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Outside the town of Zagreb, Yugoslavia, the cast and crew of the film version of Fiddler on the Roof (1971) charged ahead with the heady task of outdoing their greatest competition: the long-running Broadway stage version of the same name. At the time of filming, Fiddler was the most popular theatrical musical of the day; it has been estimated that over thirty million people in over thirty countries had viewed the play. So, director Norman Jewison was under serious pressure to produce a hit, and after extensive locale scouting, nine million dollars, and lots of pairs of ladies - nylon stockings - I'll explain later - he did.
Fiddler was nominated for eight Academy Awards in 1971 including Best Picture, Actor, and Director. It took home Oscars® for Best Cinematography, Best Sound, and Best Scoring. Although picked and panned fairly evenly by the critics, Fiddler on the Roof was a popular success with movie audiences and successfully emerged from the shadow of its stage origins.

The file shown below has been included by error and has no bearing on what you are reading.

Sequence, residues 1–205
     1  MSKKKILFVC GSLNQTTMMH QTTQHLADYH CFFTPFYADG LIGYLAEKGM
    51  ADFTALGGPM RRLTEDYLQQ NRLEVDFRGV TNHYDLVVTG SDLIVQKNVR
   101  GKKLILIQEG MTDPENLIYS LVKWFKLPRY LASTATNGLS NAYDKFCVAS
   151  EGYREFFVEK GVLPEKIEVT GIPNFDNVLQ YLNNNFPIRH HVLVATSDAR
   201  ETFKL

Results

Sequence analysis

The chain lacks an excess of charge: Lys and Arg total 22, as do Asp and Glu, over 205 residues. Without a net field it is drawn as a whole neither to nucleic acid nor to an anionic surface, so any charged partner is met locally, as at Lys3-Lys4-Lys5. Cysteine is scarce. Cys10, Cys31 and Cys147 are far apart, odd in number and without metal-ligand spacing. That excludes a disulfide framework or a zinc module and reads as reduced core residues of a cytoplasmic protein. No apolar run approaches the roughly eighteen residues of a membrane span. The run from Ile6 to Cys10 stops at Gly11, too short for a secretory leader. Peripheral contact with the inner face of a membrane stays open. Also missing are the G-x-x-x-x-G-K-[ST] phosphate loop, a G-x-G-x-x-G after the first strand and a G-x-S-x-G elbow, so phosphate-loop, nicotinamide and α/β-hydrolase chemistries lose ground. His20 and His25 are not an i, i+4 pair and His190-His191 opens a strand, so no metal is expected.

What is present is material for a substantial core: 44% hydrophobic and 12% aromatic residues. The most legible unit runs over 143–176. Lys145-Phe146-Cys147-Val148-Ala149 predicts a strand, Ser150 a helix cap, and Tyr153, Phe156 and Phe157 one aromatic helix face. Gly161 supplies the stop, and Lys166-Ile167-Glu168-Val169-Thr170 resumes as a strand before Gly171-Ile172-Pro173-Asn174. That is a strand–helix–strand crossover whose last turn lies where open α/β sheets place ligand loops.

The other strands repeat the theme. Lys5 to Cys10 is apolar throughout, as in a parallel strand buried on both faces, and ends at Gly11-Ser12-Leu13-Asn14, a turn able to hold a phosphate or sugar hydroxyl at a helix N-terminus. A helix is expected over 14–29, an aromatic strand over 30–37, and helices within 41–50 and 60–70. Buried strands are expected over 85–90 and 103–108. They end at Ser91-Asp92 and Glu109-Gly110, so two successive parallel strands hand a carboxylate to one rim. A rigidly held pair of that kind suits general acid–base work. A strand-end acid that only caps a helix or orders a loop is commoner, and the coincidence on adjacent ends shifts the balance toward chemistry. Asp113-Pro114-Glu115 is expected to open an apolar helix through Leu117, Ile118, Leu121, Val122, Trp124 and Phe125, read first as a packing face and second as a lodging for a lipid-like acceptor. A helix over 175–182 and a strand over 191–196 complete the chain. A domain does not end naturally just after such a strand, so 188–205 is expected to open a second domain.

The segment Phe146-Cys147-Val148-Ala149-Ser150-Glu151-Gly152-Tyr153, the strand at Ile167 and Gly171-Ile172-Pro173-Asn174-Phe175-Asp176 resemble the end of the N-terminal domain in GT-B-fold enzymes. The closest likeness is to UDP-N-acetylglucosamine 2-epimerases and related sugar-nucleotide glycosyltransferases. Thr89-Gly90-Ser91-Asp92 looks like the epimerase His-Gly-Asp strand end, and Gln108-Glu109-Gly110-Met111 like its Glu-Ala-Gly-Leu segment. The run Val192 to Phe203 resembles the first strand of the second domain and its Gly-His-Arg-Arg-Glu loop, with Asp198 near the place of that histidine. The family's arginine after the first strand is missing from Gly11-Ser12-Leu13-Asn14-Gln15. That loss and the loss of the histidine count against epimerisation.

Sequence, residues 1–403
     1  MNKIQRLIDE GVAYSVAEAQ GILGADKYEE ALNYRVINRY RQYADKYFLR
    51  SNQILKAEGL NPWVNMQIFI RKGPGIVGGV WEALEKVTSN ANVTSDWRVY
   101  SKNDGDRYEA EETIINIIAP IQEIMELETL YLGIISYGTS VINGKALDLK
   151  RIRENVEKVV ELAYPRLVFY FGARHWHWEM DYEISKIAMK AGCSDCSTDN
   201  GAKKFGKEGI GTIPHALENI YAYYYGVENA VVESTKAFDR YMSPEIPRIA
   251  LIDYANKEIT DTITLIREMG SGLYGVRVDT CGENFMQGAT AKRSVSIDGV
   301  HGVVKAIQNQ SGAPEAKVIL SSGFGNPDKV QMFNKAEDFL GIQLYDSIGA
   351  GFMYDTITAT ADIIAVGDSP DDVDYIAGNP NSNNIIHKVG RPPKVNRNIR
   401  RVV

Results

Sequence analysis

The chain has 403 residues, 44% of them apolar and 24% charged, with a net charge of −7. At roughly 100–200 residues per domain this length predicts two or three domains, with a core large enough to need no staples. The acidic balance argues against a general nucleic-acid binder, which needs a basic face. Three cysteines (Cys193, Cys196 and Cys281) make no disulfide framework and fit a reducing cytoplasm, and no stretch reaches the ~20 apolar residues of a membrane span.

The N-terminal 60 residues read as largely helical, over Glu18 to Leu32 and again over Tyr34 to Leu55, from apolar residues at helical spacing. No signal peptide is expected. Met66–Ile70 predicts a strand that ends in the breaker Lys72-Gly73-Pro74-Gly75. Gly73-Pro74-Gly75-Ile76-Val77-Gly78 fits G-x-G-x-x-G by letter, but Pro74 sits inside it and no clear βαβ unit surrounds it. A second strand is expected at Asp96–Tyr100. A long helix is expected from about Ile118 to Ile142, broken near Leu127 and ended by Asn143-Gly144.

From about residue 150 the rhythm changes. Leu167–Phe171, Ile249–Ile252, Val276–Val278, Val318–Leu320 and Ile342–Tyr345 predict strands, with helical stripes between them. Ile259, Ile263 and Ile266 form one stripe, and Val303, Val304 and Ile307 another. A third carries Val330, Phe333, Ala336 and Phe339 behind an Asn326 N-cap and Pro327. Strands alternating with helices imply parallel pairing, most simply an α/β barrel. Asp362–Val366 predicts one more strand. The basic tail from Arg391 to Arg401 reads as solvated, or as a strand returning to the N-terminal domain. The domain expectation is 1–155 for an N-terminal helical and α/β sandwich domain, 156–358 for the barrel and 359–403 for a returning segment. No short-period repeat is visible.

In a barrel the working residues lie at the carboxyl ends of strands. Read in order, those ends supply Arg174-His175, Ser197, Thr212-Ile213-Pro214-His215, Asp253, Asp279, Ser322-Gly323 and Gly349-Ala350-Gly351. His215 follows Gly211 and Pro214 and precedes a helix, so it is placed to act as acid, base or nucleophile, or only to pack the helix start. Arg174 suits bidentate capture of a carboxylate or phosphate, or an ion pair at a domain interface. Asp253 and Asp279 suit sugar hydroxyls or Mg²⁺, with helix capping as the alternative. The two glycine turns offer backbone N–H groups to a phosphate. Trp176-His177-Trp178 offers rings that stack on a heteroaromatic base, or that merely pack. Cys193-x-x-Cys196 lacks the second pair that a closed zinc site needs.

The story line of Fiddler on the Roof is fairly simple; in the director's own words, "It's the story of a man and his God, and his problems with his five daughters." The man, Tevye, struggles between the traditions of his Jewish faith and the wills of his headstrong daughters, three of whom are of marrying age and eager to do something about it. In a role originated on Broadway by comic Zero Mostel, the film's casting drew controversy when the man playing Tevye in the London version, an Israeli actor named only Topol, was chosen for the part. His understated performance, however, was a success on film, and served as a sharp contrast to Mostel's over the top antics that worked best onstage. Topol, however, quickly faded into obscurity after Fiddler - as did the rest of the cast, actually - with one exception. [Paul] Michael Glaser, as the character Perchik, one of the daughter's suitors, would enjoy some television success in the kitschy, mid-1970's series Starsky and Hutch as cool cop Dave Starsky.